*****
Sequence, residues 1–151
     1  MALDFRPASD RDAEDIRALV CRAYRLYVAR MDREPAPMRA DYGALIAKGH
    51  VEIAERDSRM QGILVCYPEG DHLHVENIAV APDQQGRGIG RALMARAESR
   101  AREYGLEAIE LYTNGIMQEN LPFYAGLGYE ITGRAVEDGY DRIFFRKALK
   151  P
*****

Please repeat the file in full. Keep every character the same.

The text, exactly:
Sequence, residues 1–151
     1  MALDFRPASD RDAEDIRALV CRAYRLYVAR MDREPAPMRA DYGALIAKGH
    51  VEIAERDSRM QGILVCYPEG DHLHVENIAV APDQQGRGIG RALMARAESR
   101  AREYGLEAIE LYTNGIMQEN LPFYAGLGYE ITGRAVEDGY DRIFFRKALK
   151  P